One Senate bill, SB 300 Zoning Changes Majority Rule, would have a similar effect of eliminating protest petitions. Another Senate bill, SB 285 Zoning/Protest Petition Changes, would preserve protest petitions while lowering the supermajority thresholds and increasing the adjacent property owner thresholds. That bill falls in line with reforms supported by League members. Read previous League coverage here. Contact: Erin Wynia
Senate leaders filed legislation Thursday indicating that they will make a push for another major overhaul of state taxes. SB 526 Job Creation and Tax Relief Act of 2015 would lower North Carolina's personal income tax rates by another quarter percent by 2017, to 5.5 percent, and reduce the state corporate income tax rate to 4 percent by that year. It also would allow state taxpayers to exempt $20,000 of income from taxation in lieu of taking mortgage interest deductions and other itemized deductions. Senate leaders say the tax proposal amounts to another $1 billion in tax cuts.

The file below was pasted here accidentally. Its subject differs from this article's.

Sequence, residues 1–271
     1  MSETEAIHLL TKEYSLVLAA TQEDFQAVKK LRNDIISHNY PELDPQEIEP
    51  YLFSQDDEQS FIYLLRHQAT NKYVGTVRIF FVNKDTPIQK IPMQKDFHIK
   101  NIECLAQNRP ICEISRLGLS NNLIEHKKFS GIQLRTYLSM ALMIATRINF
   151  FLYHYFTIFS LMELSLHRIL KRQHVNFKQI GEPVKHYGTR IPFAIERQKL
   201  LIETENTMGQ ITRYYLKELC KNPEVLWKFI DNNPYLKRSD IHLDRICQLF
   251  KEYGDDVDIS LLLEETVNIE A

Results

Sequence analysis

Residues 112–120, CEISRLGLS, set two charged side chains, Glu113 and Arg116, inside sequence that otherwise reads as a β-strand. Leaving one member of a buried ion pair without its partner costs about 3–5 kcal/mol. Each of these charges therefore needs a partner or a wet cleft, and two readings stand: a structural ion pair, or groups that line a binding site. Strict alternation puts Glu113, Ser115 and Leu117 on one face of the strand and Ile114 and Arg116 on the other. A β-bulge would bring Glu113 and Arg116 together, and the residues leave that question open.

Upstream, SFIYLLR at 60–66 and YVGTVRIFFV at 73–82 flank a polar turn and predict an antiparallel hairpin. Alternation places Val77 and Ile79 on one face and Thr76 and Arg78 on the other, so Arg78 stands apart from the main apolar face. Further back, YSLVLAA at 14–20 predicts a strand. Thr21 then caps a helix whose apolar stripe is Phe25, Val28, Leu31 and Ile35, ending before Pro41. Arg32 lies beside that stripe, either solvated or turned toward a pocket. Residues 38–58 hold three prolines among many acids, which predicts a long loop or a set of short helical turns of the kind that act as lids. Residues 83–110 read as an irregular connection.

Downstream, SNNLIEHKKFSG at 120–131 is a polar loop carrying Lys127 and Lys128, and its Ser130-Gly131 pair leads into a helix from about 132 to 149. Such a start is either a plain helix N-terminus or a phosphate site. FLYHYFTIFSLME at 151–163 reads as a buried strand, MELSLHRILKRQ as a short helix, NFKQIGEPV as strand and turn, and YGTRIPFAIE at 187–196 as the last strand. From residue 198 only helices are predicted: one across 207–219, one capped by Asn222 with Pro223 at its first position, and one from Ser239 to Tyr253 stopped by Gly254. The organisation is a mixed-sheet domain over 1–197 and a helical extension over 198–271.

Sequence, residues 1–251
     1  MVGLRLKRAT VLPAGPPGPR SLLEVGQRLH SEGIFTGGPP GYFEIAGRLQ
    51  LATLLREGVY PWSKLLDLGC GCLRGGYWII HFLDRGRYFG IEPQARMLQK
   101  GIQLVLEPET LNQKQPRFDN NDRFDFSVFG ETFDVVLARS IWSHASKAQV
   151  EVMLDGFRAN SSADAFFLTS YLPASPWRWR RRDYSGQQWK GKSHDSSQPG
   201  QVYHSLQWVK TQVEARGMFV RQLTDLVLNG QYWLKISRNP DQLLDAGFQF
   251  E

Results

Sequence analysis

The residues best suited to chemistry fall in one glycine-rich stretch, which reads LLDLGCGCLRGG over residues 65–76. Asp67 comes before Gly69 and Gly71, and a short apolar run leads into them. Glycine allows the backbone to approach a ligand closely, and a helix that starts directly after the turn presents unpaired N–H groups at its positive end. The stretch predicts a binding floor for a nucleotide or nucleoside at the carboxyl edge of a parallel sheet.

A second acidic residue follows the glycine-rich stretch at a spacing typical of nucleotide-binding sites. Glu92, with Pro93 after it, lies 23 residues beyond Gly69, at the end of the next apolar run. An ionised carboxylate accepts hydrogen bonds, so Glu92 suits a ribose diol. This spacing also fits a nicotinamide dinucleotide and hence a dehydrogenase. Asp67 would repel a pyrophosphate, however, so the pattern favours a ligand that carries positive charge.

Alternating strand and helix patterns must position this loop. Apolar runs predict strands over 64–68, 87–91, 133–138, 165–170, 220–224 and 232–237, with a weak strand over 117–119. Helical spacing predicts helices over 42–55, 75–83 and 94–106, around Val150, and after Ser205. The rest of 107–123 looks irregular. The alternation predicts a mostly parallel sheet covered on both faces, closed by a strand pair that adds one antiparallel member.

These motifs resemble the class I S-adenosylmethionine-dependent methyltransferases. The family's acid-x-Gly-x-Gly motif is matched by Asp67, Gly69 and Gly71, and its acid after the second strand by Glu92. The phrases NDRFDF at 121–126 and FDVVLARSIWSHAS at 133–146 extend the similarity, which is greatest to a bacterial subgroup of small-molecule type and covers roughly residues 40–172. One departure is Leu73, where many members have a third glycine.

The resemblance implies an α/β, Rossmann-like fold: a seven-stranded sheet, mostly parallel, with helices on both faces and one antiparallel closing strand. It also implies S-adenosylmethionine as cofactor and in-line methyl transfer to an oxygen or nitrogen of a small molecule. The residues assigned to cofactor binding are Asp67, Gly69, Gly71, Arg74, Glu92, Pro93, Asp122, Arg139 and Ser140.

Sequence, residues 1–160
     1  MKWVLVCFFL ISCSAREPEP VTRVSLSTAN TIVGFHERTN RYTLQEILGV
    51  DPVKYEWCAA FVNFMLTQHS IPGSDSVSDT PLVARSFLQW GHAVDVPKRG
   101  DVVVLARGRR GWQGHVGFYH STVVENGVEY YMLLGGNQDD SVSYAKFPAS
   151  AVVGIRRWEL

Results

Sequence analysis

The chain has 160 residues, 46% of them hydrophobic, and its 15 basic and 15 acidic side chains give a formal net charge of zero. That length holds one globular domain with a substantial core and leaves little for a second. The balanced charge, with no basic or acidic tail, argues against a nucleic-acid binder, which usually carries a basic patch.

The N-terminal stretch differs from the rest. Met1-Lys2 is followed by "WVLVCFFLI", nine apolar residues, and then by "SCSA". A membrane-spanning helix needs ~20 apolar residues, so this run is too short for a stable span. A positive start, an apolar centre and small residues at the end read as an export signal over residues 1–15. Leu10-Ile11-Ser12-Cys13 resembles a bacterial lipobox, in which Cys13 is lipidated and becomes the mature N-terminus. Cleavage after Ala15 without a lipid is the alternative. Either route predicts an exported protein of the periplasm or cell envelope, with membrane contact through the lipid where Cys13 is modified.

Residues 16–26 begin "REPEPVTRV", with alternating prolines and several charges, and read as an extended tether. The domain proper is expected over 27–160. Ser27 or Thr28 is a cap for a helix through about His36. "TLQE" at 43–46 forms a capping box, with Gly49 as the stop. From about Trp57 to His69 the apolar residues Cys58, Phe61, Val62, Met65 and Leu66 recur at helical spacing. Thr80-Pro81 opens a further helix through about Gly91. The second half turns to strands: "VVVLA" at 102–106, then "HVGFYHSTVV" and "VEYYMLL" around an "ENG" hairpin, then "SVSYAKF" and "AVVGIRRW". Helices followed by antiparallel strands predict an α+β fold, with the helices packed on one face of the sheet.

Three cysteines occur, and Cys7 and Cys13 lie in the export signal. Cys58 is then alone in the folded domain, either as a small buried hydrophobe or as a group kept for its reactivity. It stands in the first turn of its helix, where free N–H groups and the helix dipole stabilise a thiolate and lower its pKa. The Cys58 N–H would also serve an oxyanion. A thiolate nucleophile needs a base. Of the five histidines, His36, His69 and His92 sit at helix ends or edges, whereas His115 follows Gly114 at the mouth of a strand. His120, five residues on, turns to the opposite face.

The bill comes two years after the General Assembly passed a major tax overhaul that included even bigger cuts to personal and state income taxes. Senate leaders say the additional tax cuts are needed to keep North Carolina economically competitive with other southeastern states. House leaders have struck a more cautious tone, saying the previous round of tax changes needs to be allowed to work. They have also expressed concerns about the potential for budget shortfalls resulting from additional tax cuts.
The bill is yet another piece of legislation that includes provisions affecting jobs recruiting programs. It would raise the cap on the state's Job Development Investment Grant incentives program to $15 million, while limiting Wake, Mecklenburg and Durham counties to no more than half of the programs' money. Unlike the 2013 tax overhaul legislation, the bill does not appear to have any direct affects on municipalities.